Organising technology at the enterprise level is part of corporate planning function and is a continuous process. This can be divided into the following three streams :
- Replacement of obsolete technologies with newer ones; and continuous modernisation of existing ‘technologies for improving productivity and competitiveness.
- Development and introduction of new products with a view to Diversify.
- Setting up of new units.
While having certain common components, the above three streams have certain operational differences and, therefore, need to be dealt with separately. However, the first step to technology planning for any of the streams is the defining of the technology status and the forecasting of technology needs, keeping in view the technology trends (domestic and global) and to the changing market in order to better satisfy the consumer expectations. While defining strategy, the time frame of technology cycle and its impact needs the maximum attention. Further, technology should be identified not only in term of machines but also products and processes to achieve the desired end product and level of productivity. This can be clarified by comparing core industries like Cement and Steel with fast track Electronics industry. While in the first case changes in the machines and processes take place without consumer getting the feel of it, in case of electronics and consumer products, the product range changes have an impact on consumer because he gets involved in it.
Further, a company engaged in the manufacture of consumer electronic products has very little time at its disposal to bridge the gap and keep pace with changes, but a company making cement or steel could go in a systematic manner to improve its state of technology and simultaneously meet the requirements of employment policies and marketing distribution system in the country in order to satisfy the consumer needs effectively.
The questions of technological obsolescence, time cycle and scale of operations are more relevant today than they were ever before. It is because of the increased pace of technological developments, emerging intense competition and stepping in of electronics in almost all industries- be it automobile, telecommunication, aviation, cement or mineral industries where use of micro-processor has now become more a necessity than fashion- that the concepts of scale or size of production have assumed increasing importance. India is passing through transition phase where we have technologies varying from bullock cart to A-320 aircraft. Appropriate technology for each industrial segment is thus the need of the hour and should be the objective of an enterprise. While we might like to introduce bio-engineering, super conductivity and jet engines in one go, the scale of operations and results achieved may or may not justify the same. Since technology strategy of the corporation has a long term impact, it’s appropriate choice in the context of the operating environment is very critical.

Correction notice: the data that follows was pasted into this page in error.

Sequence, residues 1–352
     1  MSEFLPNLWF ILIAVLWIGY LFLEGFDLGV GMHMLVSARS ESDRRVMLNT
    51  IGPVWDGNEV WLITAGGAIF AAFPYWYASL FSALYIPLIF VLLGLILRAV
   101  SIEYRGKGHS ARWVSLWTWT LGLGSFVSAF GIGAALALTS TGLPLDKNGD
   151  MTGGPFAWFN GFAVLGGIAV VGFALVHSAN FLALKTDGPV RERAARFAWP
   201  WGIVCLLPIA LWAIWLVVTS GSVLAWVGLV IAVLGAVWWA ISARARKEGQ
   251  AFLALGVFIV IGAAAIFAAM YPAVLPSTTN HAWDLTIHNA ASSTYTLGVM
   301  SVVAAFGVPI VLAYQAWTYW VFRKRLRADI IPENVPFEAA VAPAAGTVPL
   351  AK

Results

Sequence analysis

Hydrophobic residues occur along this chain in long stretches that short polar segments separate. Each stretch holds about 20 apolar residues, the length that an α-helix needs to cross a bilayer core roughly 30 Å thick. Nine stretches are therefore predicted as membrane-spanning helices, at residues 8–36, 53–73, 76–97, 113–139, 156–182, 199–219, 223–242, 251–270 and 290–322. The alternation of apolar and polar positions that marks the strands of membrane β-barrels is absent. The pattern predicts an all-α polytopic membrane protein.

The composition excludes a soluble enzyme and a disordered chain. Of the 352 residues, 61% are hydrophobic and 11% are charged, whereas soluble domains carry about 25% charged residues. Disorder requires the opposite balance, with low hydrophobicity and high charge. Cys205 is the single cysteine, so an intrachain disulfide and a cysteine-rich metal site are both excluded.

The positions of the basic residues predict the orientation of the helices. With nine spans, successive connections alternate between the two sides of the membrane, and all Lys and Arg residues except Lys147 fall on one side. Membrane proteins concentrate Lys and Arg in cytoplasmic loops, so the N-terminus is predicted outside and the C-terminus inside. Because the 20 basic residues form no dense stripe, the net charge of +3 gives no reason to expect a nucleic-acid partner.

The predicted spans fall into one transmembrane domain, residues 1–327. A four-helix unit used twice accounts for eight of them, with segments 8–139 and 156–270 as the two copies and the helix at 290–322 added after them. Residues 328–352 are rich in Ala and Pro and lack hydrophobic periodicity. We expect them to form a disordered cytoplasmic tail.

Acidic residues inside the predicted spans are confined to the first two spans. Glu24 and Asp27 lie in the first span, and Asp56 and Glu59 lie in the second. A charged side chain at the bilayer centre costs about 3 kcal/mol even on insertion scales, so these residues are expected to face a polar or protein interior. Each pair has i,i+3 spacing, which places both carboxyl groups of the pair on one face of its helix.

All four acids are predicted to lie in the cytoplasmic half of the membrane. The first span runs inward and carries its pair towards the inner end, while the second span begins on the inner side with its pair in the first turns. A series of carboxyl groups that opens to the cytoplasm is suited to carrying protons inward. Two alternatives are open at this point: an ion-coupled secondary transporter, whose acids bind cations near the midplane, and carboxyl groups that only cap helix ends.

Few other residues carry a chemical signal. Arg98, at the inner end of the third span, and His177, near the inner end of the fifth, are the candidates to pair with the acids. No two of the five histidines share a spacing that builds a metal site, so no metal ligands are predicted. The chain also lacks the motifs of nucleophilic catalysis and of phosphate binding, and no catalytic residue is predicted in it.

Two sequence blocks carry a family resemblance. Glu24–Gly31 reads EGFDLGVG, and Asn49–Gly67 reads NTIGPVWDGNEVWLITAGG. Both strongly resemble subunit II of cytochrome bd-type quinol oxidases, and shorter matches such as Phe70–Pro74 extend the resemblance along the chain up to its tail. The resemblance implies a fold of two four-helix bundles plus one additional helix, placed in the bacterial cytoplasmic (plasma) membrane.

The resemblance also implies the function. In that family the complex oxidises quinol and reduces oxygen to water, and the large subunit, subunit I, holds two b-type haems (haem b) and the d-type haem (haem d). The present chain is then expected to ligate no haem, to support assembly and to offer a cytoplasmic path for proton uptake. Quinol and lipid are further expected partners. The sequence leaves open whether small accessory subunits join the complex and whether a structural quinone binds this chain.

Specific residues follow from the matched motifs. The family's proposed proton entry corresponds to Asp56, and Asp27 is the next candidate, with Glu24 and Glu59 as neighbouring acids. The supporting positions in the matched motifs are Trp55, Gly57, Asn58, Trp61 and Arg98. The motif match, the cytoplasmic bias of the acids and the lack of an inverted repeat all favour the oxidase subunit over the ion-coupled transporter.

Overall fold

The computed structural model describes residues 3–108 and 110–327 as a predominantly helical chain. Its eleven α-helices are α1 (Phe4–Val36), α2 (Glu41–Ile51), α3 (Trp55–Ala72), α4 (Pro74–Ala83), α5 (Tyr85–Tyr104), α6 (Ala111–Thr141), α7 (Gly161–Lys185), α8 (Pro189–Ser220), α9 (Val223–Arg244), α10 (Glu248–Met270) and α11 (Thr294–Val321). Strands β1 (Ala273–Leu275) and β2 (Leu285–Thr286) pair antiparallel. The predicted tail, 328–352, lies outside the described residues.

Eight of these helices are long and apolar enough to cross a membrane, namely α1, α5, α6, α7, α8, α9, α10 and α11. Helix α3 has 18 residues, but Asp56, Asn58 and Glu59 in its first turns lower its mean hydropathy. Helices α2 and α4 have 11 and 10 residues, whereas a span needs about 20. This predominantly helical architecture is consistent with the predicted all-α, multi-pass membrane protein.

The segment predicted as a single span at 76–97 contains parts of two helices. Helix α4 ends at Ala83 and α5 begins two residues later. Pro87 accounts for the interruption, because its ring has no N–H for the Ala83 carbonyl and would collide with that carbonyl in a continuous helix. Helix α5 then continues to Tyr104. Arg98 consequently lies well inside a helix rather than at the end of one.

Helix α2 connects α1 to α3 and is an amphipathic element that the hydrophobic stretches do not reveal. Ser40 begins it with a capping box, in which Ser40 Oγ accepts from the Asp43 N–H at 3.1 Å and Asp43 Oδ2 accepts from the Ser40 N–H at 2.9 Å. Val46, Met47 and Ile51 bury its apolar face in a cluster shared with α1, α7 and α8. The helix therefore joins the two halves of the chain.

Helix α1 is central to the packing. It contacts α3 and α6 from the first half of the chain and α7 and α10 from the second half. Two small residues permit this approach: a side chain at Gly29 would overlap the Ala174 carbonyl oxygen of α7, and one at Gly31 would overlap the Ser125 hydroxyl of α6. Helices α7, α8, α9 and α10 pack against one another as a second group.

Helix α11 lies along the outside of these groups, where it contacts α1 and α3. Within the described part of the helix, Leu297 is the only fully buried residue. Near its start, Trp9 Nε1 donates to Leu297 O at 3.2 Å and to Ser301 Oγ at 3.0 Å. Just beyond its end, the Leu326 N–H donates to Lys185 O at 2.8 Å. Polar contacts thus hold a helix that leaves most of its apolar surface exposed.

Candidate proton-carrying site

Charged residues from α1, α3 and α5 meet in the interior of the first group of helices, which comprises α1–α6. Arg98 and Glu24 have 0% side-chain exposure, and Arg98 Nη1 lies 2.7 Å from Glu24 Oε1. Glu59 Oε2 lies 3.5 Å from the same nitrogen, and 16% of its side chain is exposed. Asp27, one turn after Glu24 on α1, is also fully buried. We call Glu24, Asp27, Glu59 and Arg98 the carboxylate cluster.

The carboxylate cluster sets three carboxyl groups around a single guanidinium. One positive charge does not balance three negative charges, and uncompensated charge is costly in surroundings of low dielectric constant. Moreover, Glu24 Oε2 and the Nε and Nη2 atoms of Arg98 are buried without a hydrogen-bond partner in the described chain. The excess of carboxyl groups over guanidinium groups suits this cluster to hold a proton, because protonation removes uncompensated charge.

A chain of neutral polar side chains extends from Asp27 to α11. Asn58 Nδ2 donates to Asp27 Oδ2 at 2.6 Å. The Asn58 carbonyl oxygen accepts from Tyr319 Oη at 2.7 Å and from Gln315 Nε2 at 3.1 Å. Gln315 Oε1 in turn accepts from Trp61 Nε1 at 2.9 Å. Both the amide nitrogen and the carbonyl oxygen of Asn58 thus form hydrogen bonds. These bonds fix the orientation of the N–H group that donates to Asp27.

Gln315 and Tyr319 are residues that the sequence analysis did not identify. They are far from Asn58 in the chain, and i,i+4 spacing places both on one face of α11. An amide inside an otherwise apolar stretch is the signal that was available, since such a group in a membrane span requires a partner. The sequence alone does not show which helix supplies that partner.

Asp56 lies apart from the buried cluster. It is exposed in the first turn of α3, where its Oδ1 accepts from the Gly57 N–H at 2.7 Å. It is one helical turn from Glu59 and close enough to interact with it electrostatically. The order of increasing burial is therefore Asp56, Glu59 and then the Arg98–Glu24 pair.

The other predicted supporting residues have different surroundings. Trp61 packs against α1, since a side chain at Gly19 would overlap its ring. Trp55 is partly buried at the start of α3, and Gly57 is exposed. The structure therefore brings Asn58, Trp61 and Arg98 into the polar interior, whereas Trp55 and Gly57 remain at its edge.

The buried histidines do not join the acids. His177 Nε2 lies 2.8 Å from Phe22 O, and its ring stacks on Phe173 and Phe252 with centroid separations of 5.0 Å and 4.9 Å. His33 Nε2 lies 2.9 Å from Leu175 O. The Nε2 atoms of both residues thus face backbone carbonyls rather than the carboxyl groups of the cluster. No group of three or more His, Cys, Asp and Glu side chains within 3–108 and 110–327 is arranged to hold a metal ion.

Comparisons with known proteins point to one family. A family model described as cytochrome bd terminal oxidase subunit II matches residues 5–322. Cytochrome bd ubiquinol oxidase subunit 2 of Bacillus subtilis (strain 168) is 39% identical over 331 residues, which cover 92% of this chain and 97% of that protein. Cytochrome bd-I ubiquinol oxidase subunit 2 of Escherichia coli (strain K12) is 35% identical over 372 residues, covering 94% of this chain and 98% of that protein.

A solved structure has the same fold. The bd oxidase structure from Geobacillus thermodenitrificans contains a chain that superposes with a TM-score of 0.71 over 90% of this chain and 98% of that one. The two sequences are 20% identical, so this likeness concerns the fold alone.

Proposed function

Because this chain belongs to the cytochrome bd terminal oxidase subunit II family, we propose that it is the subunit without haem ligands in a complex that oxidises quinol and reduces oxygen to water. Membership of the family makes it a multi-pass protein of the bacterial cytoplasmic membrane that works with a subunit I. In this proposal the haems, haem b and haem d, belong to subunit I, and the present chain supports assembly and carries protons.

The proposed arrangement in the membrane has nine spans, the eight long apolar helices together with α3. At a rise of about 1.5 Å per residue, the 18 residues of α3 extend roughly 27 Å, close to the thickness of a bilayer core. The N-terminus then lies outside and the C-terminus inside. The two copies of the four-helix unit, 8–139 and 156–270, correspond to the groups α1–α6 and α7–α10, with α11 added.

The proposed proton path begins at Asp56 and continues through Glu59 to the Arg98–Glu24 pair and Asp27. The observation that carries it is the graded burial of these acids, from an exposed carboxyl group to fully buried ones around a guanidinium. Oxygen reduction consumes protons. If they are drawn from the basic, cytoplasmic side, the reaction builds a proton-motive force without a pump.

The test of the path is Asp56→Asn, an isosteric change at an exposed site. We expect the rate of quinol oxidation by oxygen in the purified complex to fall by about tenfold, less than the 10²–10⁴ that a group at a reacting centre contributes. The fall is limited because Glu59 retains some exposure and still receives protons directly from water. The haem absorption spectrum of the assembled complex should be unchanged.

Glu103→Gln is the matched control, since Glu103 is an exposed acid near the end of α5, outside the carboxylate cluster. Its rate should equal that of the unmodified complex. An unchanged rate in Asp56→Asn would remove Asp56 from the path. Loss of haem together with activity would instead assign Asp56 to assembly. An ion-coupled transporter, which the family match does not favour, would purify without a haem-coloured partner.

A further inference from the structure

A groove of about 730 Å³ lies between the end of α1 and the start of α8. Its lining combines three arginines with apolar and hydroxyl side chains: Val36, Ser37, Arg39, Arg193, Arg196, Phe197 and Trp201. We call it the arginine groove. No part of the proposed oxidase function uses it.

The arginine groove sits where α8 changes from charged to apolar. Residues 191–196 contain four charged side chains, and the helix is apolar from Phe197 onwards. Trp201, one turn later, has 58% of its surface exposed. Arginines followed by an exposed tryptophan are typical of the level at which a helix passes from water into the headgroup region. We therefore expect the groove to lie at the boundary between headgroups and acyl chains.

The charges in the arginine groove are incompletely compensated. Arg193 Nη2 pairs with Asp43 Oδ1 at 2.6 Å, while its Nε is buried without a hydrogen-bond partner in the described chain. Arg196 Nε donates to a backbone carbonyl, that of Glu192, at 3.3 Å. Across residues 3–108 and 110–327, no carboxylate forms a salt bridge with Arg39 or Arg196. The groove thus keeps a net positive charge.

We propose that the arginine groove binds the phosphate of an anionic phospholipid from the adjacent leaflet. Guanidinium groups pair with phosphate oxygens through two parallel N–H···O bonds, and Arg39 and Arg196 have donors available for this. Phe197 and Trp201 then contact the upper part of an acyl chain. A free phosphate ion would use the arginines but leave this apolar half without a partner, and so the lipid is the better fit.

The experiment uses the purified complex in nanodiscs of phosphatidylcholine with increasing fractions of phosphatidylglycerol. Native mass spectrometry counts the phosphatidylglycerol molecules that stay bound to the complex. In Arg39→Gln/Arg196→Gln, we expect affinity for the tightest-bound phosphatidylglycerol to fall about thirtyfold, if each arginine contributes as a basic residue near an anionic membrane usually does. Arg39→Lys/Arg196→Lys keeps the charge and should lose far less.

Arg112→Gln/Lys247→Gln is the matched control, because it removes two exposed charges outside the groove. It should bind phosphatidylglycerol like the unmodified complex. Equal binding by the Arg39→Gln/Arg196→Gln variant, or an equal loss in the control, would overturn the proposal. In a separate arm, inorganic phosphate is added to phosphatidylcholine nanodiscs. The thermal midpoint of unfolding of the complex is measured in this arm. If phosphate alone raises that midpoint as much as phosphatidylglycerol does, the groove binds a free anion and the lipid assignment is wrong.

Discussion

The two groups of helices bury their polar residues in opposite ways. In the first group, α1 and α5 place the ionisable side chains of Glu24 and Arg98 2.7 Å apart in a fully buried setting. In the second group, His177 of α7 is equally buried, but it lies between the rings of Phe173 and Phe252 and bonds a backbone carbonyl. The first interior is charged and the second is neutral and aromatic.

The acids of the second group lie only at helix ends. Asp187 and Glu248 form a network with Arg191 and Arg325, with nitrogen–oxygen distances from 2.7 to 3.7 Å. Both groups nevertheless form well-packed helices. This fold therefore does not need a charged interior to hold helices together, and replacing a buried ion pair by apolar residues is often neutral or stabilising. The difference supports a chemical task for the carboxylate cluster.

As indicated earlier, the technology strategy of an electronic consumer product company, for instance, cannot be the same as that of Steel, Cement or other core industry. And within the same sector, the technology strategy of a company will change depending upon whether its target is domestic, international or mixed market. For example, the technology strategy of a 100% Export Oriented Unit (EOU) company has to be the state-of-the art technology and also has to be backed up by the capability to quickly (or fastly) respond to the changes in accordance with the merging global situation. On the other hand, the strategy of a core industry company will be governed by domestic needs and Government’s socio-economic policies.
Technological changes at the enterprise level should take cognisance of the following:
a) Country’s changing economic scenario
b) Changing cultural and living standards
c) Government policies including those with respect to import and export and their effect on cost.
d) Global changes taking place in the range of products affecting the economic scene and living standards
e) Intensity in competition
f) Economics and sociology of conservation (e.g. energy conservation, conservation of inputs like minerals etc.) and pollution control consciousness created as a result of Government policies and pressures.
Some of the typical products exemplifying the global or universal trends are the TV, Video, automotive and home appliances industries in which a sort of explosion in at Enterprise Level demand has taken place.
In these very industries, greater computerisation, control through remote instruments (i.e. remote control) and miniaturisation are the technological changes which are now taking place.
TECHNOLOGY GAPS AND ENTERPRISE NEEDS
After the internal resources, customer needs; global technology and market trends have been evaluated, the next step is to precisely identify the gaps at the enterprise level. While quantitative methods can assist in the identification of emerging technologies and possible know-how gaps, an assessment based on the following can be of direct use for an existing set up (for new enterprises the more scientific methods may be necessary):
- Feedback data on the performance of existing equipment and failure analysis report, comparing productivity, cost of production and quality vis-a-vis acceptable standards.
- Feedback data on basic product parameters vis-a-vis other competitors and keeping watch on their plans and activities.
- Technology scanning by product groups.
- Interaction with customers, foreign companies, consultancy organisations, institutions, etc.